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The Bump Editors

Signs Of Pregnancy: Frequent Urination

Add excessive peeing to the list of pregnancy pleasures. Find out why it happens, how to alleviate it and how to maintain a healthy bladder.

You may feel like you’re on an endless loop to the loo (especially annoying in the middle of the night!), but there are ways to ease your discomfort and to keep your bladder healthy throughout your pregnancy.

What Are The Causes Of Frequent Urination?

A spike in your trips to the bathroom can be one of the earliest signs of pregnancy, even before a missed period. And like so many  pregnancy symptoms, this one can be pinned on hormones. After the embryo implants in your uterus, your body produces a pregnancy hormone called hCG (aka human chorionic gonadotropin), which can trigger more an increase in urination.

Unfortunately, the frequent urge to pee isn't limited to just the first trimester. As your pregnancy progresses, your pre-pregnancy blood volume increases by nearly 50 percent. This extra fluid gets processed through your kidneys and ends up in your bladder—meaning you’re off to the bathroom again. Your uterus expands as baby grows, pushing down on your bladder, urethra and pelvic floor muscles. This pressure on the bladder can cause some pregnant women to experience “stress urinary incontinence”–you know, that little dribble of urine that leaks out when you sneeze, cough, laugh, lift heavy objects or do some types of exercise. Towards the end of your pregnancy your urination situation may worsen a bit as baby moves lower (in preparation for delivery) and puts even more pressure on your bladder.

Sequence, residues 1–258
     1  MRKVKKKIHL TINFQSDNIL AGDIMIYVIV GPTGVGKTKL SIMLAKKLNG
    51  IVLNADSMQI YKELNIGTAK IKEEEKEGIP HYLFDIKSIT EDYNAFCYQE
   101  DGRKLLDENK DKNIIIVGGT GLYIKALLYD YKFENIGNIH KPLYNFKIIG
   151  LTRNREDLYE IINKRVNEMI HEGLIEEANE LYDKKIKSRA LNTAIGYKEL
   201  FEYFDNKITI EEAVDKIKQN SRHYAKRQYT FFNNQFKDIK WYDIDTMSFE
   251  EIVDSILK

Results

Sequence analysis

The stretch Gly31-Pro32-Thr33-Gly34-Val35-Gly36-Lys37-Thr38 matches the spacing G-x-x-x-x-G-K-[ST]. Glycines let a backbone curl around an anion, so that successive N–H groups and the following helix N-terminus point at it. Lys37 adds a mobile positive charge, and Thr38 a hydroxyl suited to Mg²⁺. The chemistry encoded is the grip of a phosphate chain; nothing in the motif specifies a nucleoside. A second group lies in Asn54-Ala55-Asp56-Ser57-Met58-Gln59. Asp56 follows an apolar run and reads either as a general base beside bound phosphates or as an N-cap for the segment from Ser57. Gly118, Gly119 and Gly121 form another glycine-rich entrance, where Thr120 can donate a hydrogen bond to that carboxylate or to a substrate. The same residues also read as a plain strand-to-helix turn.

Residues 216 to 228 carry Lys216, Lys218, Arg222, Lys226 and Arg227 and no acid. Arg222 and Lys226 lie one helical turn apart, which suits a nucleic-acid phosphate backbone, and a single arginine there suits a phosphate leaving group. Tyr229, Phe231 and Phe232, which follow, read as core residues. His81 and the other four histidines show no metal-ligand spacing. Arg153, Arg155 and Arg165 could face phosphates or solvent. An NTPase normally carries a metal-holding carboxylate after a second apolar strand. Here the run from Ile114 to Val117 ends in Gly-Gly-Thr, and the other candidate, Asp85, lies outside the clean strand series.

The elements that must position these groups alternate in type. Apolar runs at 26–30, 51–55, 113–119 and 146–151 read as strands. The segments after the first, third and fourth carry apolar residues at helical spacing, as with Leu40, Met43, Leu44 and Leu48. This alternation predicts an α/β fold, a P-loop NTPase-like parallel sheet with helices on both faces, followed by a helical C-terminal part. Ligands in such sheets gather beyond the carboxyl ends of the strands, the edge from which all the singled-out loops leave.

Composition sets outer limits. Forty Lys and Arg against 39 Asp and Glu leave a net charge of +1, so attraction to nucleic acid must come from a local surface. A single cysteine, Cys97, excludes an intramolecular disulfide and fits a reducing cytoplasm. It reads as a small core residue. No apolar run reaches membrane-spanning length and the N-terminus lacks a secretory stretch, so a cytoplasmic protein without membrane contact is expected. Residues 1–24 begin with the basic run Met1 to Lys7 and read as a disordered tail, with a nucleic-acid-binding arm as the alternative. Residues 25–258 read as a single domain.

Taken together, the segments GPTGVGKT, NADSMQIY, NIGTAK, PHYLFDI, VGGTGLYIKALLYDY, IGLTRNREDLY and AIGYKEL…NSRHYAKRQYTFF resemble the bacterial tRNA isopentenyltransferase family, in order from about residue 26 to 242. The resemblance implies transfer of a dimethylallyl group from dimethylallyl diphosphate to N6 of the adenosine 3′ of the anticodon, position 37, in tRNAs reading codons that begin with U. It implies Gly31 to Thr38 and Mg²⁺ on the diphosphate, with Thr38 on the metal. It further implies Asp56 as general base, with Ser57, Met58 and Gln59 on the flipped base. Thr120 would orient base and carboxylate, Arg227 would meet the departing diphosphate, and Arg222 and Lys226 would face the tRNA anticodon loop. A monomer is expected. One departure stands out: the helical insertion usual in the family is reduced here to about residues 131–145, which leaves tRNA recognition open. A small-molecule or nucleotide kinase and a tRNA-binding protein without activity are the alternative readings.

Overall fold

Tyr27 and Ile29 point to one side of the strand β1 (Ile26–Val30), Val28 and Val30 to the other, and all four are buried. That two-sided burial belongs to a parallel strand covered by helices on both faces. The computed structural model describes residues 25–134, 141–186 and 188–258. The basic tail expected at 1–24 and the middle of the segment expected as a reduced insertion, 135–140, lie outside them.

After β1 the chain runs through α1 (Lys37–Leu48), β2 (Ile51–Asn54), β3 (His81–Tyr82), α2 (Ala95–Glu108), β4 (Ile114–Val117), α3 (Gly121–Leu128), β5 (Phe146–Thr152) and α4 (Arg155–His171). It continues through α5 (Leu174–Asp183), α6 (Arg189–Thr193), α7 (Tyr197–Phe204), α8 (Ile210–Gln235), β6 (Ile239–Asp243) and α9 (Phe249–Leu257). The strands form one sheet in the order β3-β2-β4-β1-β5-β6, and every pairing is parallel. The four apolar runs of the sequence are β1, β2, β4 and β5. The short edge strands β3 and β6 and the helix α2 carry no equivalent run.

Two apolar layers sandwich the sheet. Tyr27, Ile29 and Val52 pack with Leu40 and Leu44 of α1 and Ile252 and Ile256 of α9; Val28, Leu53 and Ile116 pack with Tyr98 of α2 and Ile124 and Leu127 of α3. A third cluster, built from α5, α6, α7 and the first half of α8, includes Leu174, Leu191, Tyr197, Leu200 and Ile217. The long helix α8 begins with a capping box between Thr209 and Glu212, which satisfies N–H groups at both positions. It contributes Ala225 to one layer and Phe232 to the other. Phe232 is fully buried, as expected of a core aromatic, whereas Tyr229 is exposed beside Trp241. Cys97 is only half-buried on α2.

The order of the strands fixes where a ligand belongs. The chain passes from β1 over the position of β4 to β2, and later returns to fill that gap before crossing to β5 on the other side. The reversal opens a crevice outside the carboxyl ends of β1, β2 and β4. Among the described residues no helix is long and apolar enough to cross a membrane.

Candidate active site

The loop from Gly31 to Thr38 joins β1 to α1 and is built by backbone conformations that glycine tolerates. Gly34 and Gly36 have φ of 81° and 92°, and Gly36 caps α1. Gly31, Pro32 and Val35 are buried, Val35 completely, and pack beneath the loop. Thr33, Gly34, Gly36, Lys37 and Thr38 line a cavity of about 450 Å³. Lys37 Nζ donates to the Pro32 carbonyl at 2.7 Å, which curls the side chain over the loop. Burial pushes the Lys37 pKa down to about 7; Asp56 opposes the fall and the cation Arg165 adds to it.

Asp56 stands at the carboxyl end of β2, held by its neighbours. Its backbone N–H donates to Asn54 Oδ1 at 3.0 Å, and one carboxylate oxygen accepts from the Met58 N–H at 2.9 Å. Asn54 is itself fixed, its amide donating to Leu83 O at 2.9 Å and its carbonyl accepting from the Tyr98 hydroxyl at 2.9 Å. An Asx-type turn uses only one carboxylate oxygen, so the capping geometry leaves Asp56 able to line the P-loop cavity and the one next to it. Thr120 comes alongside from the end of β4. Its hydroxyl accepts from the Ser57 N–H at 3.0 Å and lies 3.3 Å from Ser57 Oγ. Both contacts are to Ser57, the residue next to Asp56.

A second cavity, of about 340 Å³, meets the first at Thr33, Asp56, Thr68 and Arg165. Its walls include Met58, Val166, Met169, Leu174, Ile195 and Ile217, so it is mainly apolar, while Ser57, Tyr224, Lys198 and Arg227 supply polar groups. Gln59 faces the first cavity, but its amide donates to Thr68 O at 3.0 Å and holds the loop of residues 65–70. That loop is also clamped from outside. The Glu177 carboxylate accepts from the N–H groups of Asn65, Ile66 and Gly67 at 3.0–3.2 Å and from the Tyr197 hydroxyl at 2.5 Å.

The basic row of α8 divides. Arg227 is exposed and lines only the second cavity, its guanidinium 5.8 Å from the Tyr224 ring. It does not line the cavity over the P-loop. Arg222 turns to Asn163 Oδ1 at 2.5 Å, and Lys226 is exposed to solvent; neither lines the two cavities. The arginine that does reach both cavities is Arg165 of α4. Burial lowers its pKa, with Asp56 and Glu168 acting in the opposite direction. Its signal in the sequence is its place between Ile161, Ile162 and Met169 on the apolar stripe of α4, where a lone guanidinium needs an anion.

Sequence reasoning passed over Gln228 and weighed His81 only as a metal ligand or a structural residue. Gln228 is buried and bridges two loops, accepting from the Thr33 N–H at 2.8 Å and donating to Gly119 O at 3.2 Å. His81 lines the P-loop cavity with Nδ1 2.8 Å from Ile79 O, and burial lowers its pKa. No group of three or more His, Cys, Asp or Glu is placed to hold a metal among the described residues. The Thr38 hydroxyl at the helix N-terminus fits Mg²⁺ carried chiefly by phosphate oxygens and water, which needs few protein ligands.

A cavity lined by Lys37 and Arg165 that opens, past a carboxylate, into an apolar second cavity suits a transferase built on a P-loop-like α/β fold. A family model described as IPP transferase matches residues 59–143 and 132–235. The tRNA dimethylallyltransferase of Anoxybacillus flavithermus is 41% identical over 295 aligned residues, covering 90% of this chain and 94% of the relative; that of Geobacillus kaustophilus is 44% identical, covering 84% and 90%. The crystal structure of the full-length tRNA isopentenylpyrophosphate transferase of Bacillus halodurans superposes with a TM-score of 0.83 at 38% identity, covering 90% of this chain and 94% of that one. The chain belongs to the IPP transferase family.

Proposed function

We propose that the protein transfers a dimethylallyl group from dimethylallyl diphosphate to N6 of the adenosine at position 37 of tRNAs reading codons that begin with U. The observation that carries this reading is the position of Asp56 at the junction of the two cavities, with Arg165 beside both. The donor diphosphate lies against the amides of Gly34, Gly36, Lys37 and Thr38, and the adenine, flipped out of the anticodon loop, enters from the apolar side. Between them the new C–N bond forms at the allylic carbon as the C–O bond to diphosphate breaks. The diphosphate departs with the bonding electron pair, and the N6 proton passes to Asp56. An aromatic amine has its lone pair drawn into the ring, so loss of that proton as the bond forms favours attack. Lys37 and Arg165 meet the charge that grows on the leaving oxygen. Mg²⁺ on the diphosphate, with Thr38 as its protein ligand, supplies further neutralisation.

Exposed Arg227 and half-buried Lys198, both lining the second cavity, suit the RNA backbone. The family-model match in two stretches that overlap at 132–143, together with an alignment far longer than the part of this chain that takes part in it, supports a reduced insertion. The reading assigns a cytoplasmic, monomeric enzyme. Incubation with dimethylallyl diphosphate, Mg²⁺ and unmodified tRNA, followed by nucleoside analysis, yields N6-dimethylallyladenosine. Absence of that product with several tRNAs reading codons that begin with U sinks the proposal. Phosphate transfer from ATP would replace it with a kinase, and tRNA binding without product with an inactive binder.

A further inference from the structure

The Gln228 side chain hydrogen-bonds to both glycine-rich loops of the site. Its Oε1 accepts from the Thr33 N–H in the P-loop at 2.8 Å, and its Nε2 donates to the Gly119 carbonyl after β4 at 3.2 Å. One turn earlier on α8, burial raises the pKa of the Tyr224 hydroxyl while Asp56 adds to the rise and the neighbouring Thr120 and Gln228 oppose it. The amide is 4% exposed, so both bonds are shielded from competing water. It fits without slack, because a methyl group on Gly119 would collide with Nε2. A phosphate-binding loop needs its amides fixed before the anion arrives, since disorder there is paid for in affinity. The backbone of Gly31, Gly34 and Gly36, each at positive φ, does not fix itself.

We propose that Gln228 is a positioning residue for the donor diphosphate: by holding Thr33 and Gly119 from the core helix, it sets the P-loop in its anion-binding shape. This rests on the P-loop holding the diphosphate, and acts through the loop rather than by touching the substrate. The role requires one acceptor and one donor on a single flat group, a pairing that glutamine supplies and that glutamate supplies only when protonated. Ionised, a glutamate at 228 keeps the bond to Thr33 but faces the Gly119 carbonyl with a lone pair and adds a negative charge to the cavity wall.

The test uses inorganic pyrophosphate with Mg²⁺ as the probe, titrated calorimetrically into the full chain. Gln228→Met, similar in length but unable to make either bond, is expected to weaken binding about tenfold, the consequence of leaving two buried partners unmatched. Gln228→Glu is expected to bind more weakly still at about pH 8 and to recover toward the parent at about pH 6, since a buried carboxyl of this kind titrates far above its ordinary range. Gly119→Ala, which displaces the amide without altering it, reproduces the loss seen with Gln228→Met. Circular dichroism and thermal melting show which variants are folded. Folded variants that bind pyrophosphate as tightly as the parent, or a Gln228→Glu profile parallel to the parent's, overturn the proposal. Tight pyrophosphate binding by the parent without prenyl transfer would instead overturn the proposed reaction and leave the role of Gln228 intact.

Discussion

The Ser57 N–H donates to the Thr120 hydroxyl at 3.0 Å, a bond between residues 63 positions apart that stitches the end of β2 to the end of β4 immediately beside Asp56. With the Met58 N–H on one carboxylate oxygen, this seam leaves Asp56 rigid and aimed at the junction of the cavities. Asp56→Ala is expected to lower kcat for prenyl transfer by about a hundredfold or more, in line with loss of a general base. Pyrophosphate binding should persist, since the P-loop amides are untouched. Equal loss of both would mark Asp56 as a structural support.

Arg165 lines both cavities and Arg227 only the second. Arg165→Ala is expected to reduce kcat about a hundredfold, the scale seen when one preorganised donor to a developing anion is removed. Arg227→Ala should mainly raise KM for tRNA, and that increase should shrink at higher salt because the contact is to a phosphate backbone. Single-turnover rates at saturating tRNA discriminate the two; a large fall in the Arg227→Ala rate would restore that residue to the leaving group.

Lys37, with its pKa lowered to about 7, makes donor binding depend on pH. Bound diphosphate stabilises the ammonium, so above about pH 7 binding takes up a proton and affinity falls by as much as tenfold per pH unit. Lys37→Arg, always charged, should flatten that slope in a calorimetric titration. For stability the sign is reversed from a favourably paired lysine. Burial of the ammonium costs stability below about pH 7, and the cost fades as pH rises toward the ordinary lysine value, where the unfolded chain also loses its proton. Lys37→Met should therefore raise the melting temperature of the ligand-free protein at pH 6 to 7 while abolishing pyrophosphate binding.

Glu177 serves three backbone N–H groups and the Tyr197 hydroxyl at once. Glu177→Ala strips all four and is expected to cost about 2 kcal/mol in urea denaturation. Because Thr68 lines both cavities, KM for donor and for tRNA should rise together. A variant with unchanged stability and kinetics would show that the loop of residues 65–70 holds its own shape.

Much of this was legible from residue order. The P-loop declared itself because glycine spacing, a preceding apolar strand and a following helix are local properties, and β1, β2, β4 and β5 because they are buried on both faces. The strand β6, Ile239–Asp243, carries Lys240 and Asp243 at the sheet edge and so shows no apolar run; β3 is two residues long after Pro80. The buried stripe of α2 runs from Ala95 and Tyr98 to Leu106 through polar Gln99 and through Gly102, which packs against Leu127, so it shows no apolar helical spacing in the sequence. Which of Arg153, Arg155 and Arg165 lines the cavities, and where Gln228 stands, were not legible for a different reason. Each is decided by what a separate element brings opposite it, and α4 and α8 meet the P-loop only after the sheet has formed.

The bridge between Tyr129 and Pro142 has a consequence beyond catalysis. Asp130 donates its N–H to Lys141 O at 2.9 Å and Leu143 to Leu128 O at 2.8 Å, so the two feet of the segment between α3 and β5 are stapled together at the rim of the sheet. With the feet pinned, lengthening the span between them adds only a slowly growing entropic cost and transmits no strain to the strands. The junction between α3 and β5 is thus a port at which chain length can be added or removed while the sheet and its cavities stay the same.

Right after childbirth, you might need to pee even more. Why? Your body is excreting the extra fluid that accumulated during pregnancy. But in about five days your pee schedule should be back to normal.

How To Ease Frequent Urination

If you’re feeling like you have to constantly pee, your first move may be to cut back on fluids. Not so fast! It’s important to stay hydrated for the sake of both your and baby’s health. You can cut down on liquids in the hours before you go to sleep, but in that case you’ll want to drink plenty during the day.

To cut back on bathroom visits, avoid caffeinated drinks like coffee and tea, which have a diuretic effect (meaning they make you pee more). To help prevent leaks, don’t let your bladder get totally full. Empty your bladder completely by leaning forward when you pee, and always empty your bladder before exercising.

How To Keep Your Bladder Healthy

The weakening of the pelvic floor muscles during pregnancy and childbirth can lead to urinary incontinence. How can you lower the risk and prevent other pelvic floor problems? Do your Kegels! These easy-to-do exercises (you can do them while driving, watching TV or checking your email) will strengthen your pelvic floor muscles. Start doing them in your first trimester and keep them up after you give birth.

After you deliver, losing the baby weight also reduces the risk of postpartum incontinence. A study, published in the American Journal of Epidemiology, found that among women who had incontinence during pregnancy, the odds of still having the problem six months after delivery fell by two percent for every two pounds she dropped after giving birth.

Plus, more from The Bump:

Most Common Early Pregnancy Symptoms 

Early Pregnancy Signs: Darkening Areolas

Early Pregnancy Signs: Heightened Sense of Smell

PHOTO: Getty Images